The Free-Reed Review
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CD Review: Yunnan Instrumental Music
The Chinese Ensemble of Yunnan Song and Dance Troupe

LI Bing-cheng and ZHANG Si-yuan, conductors


Scoop the Loach Up
The Blooming Masu Flowers
Golden Peacock and Fengwei Bamboo
Dance of the Jing Nationality
Love Songs of the Lahu Tribe
Rush for Bai
Folk Song of Hani Tribe
Deep Emotions for the Bamboo House
In the Recesses of the Bamboo
See the Bride Off
The Spring of Yi Mountain Village
Songs at Munao Festival
Nine Pistils and Eighteen Petals
Joyous Water Festival

Total time: 68:19
Released June, 2000
Review Date: September, 2000

Label: HUGO Productions Order from: The Classical Free-Reed, Inc. Online Gift Store

Review by Gregory A. Vozar

Anyone who loves listening to world music knows what a disappointing experience it can be when corporate indifference or marketing hyperbole dictates the quality of a recording. For many large companies, "ethnic" music is only marginally profitable, and there is a tendency to treat the artistic output of other cultures as though it belonged in quarantine or under a microscope. Nothing more quickly insulates listeners from the emotional content of thematic material than such a sterile approach. Another recent and disturbing trend capitalizes on world music as a trendy, New Age commodity. This kind of retailing ultimately trivializes art and reduces the significance of the artist.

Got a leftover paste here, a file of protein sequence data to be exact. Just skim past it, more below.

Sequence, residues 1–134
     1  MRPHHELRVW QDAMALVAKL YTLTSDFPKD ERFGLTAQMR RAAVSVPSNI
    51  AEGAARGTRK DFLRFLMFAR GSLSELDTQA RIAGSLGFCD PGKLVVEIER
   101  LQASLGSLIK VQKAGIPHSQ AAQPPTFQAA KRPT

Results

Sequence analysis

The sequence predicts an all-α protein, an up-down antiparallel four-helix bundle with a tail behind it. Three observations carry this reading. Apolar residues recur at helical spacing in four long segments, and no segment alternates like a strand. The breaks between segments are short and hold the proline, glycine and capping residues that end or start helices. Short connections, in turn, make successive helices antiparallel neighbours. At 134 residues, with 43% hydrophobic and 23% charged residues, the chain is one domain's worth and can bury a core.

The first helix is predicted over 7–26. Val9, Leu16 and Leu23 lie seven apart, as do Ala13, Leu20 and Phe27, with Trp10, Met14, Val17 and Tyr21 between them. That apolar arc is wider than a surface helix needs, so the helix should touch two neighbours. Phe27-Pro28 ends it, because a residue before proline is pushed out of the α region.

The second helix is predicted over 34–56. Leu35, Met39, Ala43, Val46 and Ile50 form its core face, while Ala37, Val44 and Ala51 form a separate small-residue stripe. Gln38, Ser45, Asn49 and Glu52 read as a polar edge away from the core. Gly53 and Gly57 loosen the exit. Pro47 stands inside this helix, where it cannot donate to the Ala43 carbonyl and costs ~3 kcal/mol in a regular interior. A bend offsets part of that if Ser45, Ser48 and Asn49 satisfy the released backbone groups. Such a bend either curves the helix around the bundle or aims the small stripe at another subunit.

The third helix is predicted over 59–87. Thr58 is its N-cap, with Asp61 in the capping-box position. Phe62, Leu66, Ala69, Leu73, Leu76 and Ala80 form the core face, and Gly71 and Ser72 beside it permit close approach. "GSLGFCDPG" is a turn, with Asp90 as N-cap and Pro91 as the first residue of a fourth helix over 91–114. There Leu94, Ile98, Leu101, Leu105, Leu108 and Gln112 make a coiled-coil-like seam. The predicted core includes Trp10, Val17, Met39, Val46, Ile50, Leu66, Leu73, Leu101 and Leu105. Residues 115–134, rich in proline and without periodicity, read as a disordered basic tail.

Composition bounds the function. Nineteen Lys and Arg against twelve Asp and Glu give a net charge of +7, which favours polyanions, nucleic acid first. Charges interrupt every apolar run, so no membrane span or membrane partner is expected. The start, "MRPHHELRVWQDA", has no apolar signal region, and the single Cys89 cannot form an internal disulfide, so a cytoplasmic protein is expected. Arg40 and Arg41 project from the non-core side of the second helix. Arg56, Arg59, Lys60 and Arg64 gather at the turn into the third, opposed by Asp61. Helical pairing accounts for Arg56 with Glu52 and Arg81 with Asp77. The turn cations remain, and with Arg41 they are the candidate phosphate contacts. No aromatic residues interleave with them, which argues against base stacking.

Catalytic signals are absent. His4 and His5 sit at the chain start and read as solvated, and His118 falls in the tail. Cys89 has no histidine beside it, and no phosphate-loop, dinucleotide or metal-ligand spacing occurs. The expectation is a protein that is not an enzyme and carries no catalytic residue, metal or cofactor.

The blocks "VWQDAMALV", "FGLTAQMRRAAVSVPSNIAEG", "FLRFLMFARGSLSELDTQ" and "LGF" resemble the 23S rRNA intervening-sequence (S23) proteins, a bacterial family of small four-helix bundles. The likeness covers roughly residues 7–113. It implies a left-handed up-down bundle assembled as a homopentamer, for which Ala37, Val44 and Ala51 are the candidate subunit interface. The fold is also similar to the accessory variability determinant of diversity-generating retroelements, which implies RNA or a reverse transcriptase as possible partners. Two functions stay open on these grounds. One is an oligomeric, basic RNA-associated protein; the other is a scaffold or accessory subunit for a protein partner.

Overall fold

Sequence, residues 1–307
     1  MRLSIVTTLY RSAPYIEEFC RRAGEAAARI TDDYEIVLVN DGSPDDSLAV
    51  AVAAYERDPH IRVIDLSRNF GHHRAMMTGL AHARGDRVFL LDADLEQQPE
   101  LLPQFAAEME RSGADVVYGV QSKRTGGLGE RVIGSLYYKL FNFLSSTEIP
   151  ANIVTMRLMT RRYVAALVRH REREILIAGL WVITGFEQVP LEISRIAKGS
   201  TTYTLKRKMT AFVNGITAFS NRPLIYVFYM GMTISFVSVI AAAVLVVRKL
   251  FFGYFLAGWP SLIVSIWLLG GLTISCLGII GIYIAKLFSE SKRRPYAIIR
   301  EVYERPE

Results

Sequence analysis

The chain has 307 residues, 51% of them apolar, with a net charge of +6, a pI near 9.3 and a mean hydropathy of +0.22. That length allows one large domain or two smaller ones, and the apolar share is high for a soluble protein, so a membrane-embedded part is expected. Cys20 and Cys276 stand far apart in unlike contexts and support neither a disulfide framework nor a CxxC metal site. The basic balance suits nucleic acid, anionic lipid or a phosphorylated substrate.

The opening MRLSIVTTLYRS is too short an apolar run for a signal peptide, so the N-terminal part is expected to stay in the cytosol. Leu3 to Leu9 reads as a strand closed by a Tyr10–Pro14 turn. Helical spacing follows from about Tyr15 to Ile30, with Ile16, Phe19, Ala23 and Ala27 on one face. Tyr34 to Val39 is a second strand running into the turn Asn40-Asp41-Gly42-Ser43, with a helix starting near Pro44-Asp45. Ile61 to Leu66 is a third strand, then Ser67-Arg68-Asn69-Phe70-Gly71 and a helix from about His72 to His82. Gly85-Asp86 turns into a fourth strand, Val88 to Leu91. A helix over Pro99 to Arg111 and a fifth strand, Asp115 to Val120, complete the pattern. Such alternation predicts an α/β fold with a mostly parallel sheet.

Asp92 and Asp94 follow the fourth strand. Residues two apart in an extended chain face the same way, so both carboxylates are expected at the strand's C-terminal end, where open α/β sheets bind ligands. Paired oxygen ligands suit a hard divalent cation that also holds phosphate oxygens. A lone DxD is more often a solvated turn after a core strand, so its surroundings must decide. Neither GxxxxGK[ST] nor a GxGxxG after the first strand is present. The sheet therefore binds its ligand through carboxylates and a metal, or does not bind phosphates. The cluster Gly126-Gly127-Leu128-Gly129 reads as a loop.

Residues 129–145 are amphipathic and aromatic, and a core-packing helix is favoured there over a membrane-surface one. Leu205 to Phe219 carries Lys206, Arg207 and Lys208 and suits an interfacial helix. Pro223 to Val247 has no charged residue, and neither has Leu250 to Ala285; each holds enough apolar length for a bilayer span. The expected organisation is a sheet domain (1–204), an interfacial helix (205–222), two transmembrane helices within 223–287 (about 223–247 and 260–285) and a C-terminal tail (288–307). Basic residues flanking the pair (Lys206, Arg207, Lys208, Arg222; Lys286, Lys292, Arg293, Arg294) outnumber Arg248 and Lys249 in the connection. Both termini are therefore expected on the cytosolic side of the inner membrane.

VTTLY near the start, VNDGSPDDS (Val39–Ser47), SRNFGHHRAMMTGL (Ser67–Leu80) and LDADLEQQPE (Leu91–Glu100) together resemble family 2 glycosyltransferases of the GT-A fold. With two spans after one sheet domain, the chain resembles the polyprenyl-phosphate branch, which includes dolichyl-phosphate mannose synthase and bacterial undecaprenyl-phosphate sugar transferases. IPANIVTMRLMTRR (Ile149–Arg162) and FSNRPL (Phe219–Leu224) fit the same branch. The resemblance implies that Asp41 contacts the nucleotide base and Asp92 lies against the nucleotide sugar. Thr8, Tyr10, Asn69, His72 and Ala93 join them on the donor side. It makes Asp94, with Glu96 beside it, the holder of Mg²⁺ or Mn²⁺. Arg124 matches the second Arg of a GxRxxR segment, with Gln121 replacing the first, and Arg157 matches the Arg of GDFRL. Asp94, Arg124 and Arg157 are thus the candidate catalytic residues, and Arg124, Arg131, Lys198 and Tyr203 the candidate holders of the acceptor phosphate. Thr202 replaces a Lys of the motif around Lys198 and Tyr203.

What a joy it was to have found Yunnan Instrumental Music by the Chinese Ensemble of Yunnan Song and Dance Troupe, recently released by HUGO Productions, Ltd. of Hong Kong. If the goal of music is communication, then this recording is a wellspring of auditory information. It draws listeners into a dialog with the artists rather than forcing us to peer at them through a lens. I cannot think of a finer example of how world music, properly understood and presented, offers an intimate glimpse into living cultures and makes a truth of the adage that music is humankind's universal language.

The focus of this album is Yunnan, a province situated in southern China, bordering the northern reaches of Myanmar (Burma) and Vietnam. This region is one of the most ethnically diverse areas in all Asia and possibly in the entire world. Within its borders live twenty-six distinct groups of people, each of whom has its separate customs, language and music. From this diversity, the musicians of the Song and Dance Troupe have woven nothing less than a richly colored musical tapestry, which is served up here with an unusually lush depth of sound. Recording the ensemble in a state-of-the-art, digital studio has assured that every nuance and detail would be finely etched into this compact disc.

The album features several Asian reed instruments (as well as a plethora of plucked and bowed string instruments and percussion instruments), including the Hulusheng (also known as the naw), a free-reed mouth organ and relative of the larger Chinese Sheng. Heard in many selections in a purely accompaniment role, the artist Shang Ze-san, has ample opportunity prove his soloist's mettle in "Love Songs of the Lahu Tribe." In this medley, he makes expressive use of portamento and demonstrates the polyphonic capabilities of his instrument, accompanying himself with rhythmic chords. To see a photograph of the naw, or hulusheng, see Henry Doktorski's article, The Chinese Sheng.